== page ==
RSS is all the buzz online. You've probably
seen displaying those orange
What is RSS? It a programming system that
was developed by Dave Winer, founder of UserLand software, and fellow at the Berkman Center
for Internet & Society at Harvard Law School. Version 0.91 was released in June, 2000.
Netscape began using it for news headlines, but it was not picked up by the rest of the 'Net
for a very long time.
RSS was soon discovered by the
rest of the world and fast became a "must have" for increasing visitor traffic to websites, blogs and podcasts.
Basically, RSS feeds provide a summary
of article titles, news headlines or other short text descriptions of content on a site. The
descriptions come with links to let interested readers click through to read the entire story.
defines RSS as "Short for RDF Site Summary or Rich Site Summary, an XML format for syndicating
Web content. A Web site that wants to allow other sites to publish some of its content creates
an RSS document and registers the document with an RSS publisher. A user that can read RSS-distributed
content can use the content on a different site. Syndicated content includes such data as
news feeds, events listings, news stories, headlines, project updates, excerpts from discussion
forums or even corporate information."
Most people know it as "really simple
syndication." For anyone surfing the Web this RSS code brings access to the most current
news and features in a quick and easy to use format. Internet users can see lists of articles,
news headlines, bargains on air fares and stock quotes without having to search through more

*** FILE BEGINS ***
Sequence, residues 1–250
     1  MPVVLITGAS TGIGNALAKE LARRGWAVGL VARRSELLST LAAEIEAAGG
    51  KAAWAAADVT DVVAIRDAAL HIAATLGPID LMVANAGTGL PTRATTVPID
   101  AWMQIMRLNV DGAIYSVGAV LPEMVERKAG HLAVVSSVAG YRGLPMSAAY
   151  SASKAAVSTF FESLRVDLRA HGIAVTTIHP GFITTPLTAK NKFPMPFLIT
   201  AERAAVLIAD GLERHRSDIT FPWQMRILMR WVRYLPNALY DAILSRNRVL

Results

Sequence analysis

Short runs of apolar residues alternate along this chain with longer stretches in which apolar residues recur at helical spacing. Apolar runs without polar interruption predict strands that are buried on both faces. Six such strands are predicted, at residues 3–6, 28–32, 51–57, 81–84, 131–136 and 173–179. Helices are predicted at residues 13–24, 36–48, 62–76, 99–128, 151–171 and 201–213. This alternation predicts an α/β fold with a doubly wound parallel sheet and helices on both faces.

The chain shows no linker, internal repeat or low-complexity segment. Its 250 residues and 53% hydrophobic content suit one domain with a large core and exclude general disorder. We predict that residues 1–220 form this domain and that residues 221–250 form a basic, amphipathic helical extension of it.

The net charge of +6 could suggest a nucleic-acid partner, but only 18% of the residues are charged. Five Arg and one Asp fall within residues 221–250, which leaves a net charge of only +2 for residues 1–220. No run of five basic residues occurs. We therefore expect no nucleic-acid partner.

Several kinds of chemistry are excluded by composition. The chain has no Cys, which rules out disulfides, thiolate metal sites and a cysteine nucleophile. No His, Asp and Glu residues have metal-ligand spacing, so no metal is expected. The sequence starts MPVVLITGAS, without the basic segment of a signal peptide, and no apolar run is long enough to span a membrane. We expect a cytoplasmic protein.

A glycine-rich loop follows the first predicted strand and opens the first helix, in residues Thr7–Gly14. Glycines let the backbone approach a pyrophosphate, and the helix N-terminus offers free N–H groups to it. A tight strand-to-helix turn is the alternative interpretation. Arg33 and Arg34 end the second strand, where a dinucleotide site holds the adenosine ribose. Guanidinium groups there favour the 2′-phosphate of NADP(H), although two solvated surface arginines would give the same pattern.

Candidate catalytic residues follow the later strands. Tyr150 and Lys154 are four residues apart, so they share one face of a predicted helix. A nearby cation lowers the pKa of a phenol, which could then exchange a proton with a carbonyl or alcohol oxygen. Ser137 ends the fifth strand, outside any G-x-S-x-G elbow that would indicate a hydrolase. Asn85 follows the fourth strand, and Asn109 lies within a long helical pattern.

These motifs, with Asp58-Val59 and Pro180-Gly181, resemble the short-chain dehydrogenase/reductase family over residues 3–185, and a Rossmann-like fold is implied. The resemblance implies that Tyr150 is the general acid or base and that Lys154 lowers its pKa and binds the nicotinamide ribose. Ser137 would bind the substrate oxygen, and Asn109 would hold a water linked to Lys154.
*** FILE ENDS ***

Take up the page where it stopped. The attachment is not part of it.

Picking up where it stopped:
than a billion pages of information.
Blogs are probably the most talked about
form of RSS. A simple code lets anyone become an instant expert celebrity with just a few
well written words syndicated to the world and picked up by thousands of readers in an instant.
The feed carries just the headlines and the public searches in top blog directories to find
your feed and hurry to your blog for the full treatment.
For Web publishers, RSS provides an easy
way to let people know about the latest news and features available on your site. With an
RSS feed, XML code embedded in a Web page, you can send your site content to millions of viewers.
Like the syndicated columns and comics
in newspapers, an RSS feed can make your work available to any site online or to folks at
their computers with a reader on their desktop. It's terrific marketing. You and your site
get credit for the work, happy webmasters get good content to feed their information hungry
visitors, and the visitors have an easy way to find the sites with articles, news and other
content that interests them.
Sounds great. Really simple syndication...how
hard can that be to use, to create or to add to your web site? You ask about it and look around
online for a really simple tool...and all of a sudden really simple syndication becomes really
Relax. Whether you are reading RSS feeds
or trying to implement them on your site, the technology is easier to use than it seems at
The guides and tools here will have you
using RSS to keep up with all the latest online and to broadcast your own news to the world ...
More information about RSS around the Web:
What is RSS? - A great introduction if you just want
to be able to read RSS feeds. Includes where to find readers, how to add
things you want to read and where to look for more RSS feeds that you might want to keep up
to date with.
Tutorial for Content Publishers and Webmasters - A good introduction to "the
features and benefits of a Web format called RSS..." with some info on ATOM, an RSS variant
used by Google's Blogger. You'll find examples of RSS & ATOM code to copy for your own
feed, good -- easy to follow -- tutorials and links to tons of resources for those with programming
backgrounds who feel the need for more complicated explanations.
- Best Blog Directory And RSS Submission Sites - Where To Submit My RSS Feeds And Weblog URLs
To Get More Exposure, Visibility And Reach
- A list of the best places to submit your blog or RSS feed once you get it up and running.
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